The Volokh Conspiracy

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Closing a Bureaucratic Loophole that Harms Ukrainian Refugees

A easy-to-remedy snafu in the government's Uniting for Ukraine program is exposing some Ukrainian migrants to deportation and preventing others from working legally in the United States.


Russia's invasion of Ukraine has, among other things, created the biggest refugee crisis in Europe since World War II. Since the Russian attack began in February, Western governments, including the US, have done much to open doors to Ukrainian refugees fleeing the conflict and associated Russian repression. Most notably, the Biden Administration has established the Uniting for Ukraine program, under which Americans can sponsor Ukrainian refugees to enter the country on an expedited basis. The president has also granted Temporary Protected Status (TPS) to Ukrainians who arrived in the US by April 11 (after initially cutting it off at March 1). TPS status gives Ukrainians the right to live and work in the US for up to 18 months (though the president can cut short—or extend—this period at will).

Unfortunately, however, a loophole in this combination of policies has exposed some Ukrainians to potential removal from the US, and prevented others from working legally. Ukrainians are only eligible for TPS if they arrived by April 11. The Uniting for Ukraine program only came into effect on April 25.

This leaves out in the cold people who arrived between April 11 and April 25, and in some cases even later because it took time for UforU to get underway, even after April 25. Based on my discussions with organizations assisting migrants, it appears there are hundreds or perhaps even thousands of people in this position, though I admittedly do not have reliable estimates. Some have even been subject to removal proceedings, according to reports I have heard. Others remain in limbo.

Most of these people entered the United States on B2 tourist/visitor visas (the only kind they could apply for at the time) or were granted humanitarian parole to cross the US-Mexican border. Either way, they may be able  to stay in the US for only a short time (generally no more than six months), and often are not eligible to work legally. The latter both makes it hard for the Ukrainians to support themselves, and  prevents them from benefiting the US economy through their labor.

There is an easy fix for these problems! Simply extend TPS to Ukrainians who arrived at least as late as April 25, but preferably at least by June 1. Better still, it should be extended to all who arrive at any time so long as the war continues. Under current law and judicial precedent, the president can do these things with the stroke of a pen.

The rationale for these steps is obvious: the Russian invasion of Ukraine and accompanying repression of people in occupied territories (including even mass deportations of civilians) is the sort of situation TPS is obviously intended to address. Despite recent Ukrainian successes on the battlefield, Russia still occupies large parts of the country, and the war seems likely to continue for some time to come. Letting Ukrainians stay is both the right thing to do on moral grounds, and likely to benefit our economy.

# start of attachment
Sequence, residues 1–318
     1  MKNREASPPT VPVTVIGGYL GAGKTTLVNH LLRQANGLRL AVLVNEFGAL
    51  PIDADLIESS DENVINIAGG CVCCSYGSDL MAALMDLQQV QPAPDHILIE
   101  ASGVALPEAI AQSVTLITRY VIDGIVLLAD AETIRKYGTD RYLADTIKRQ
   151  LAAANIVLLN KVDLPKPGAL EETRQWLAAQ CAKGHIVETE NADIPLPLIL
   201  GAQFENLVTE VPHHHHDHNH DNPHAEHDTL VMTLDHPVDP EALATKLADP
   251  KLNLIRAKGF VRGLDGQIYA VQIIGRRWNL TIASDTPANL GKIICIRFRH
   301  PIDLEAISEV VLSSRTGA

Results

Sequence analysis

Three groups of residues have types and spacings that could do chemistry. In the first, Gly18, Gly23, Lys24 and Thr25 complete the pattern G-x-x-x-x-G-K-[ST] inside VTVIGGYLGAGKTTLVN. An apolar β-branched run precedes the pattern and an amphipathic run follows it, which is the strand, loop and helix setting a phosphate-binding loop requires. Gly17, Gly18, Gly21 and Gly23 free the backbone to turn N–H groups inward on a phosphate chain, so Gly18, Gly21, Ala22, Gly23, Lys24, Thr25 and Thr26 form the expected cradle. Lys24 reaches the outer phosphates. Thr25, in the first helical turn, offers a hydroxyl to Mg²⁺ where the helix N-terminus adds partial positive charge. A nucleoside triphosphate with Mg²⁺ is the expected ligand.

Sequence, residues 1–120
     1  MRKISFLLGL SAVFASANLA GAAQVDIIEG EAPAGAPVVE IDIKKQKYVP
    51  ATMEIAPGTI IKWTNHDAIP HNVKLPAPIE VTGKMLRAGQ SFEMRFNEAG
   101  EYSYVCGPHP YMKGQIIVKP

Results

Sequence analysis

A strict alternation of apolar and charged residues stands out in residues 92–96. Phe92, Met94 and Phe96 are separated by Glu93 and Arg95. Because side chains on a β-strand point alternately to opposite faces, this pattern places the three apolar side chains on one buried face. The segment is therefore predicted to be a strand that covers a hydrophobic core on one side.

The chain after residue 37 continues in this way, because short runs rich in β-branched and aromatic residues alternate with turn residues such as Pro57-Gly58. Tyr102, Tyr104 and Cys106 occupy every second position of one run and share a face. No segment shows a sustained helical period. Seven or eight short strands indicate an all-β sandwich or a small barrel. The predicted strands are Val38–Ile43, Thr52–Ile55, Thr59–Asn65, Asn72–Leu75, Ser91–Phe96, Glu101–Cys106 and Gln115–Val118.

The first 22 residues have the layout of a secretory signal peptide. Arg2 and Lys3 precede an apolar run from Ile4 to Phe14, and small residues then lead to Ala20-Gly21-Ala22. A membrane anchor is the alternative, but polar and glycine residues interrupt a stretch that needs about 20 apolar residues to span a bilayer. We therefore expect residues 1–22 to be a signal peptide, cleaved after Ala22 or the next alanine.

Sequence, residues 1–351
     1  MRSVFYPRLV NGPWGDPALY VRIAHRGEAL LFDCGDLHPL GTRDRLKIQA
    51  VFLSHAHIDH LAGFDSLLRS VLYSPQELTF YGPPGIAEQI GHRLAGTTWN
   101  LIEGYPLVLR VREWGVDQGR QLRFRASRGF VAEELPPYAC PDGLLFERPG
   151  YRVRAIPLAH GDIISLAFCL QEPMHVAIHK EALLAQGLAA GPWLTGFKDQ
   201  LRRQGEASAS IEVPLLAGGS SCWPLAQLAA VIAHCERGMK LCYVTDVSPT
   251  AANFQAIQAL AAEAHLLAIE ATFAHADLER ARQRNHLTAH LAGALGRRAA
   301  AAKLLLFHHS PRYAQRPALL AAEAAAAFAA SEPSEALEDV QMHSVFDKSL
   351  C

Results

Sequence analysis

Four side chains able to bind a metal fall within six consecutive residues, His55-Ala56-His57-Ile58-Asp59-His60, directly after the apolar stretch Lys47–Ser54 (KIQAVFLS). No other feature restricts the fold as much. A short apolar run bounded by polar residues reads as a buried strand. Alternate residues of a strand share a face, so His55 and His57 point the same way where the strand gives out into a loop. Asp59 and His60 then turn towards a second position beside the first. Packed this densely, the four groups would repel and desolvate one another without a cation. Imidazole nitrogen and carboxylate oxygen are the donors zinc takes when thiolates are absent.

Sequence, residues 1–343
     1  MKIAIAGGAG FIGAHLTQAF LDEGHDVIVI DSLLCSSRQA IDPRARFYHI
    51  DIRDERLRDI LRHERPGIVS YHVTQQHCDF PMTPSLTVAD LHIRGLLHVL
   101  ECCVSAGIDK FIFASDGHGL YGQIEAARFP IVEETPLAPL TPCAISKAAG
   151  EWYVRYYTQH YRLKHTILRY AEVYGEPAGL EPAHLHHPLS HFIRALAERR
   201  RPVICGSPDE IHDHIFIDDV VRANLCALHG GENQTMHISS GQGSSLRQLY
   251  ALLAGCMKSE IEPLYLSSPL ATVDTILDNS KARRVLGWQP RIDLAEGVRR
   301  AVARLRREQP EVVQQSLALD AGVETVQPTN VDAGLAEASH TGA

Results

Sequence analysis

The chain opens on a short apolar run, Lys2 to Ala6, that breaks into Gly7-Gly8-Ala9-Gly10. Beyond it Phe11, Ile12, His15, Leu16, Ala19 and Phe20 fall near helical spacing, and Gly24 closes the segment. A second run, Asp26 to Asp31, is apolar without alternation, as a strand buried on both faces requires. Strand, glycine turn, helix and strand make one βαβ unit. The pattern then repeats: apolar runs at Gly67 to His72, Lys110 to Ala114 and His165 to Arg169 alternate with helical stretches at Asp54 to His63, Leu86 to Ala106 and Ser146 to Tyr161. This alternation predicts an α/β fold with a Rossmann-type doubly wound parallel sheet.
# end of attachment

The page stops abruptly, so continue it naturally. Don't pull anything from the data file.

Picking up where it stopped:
Ukrainians who arrived after April 11 are no less worthy of refuge than those who arrived before. There is no rationale for distinguishing between the two groups. There is still less justification for the April 11-25 loophole. Most likely, its creation was a bureaucratic oversight, rather than a deliberate policy.

There is also, as far as I can see, essentially zero political risk to fixing this problem for the White House, and perhaps even a modest benefit (refugee advocacy organizations and the Ukrainian immigrant community would be grateful). Hopefully, they will address it once made aware of it, though government bureaucracies have all too often allowed worse problems to persist through inertia.

Fixing this discrete issue is not a substitute for addressing broader flaws in our immigration and refugee policies generally, and those related to the Ukraine war specifically. Among other things, we need a larger-scale permanent private refugee sponsorship program, and Ukrainians fleeing the war should be given permanent rights to live and work in the US, not just a temporary status, revocable by the White House at any time. Moral, economic, and strategic considerations also support opening US doors to Russians fleeing Vladimir Putin's increasingly repressive regime.

In earlier posts (e.g. here and here), I have addressed claims that accepting Russian and Ukrainian refugees is unfair so long as the US and its allies are less open to those fleeing violence and tyranny elsewhere. These iniquities should be addressed by "leveling up," not "leveling down."

But even if the US government cannot or will not resolve these broader issues in the near future, it can at least close the ridiculous April 11-25 gap. The best should not be the enemy of the good. We have here a simple problem, with a simple and easy solution.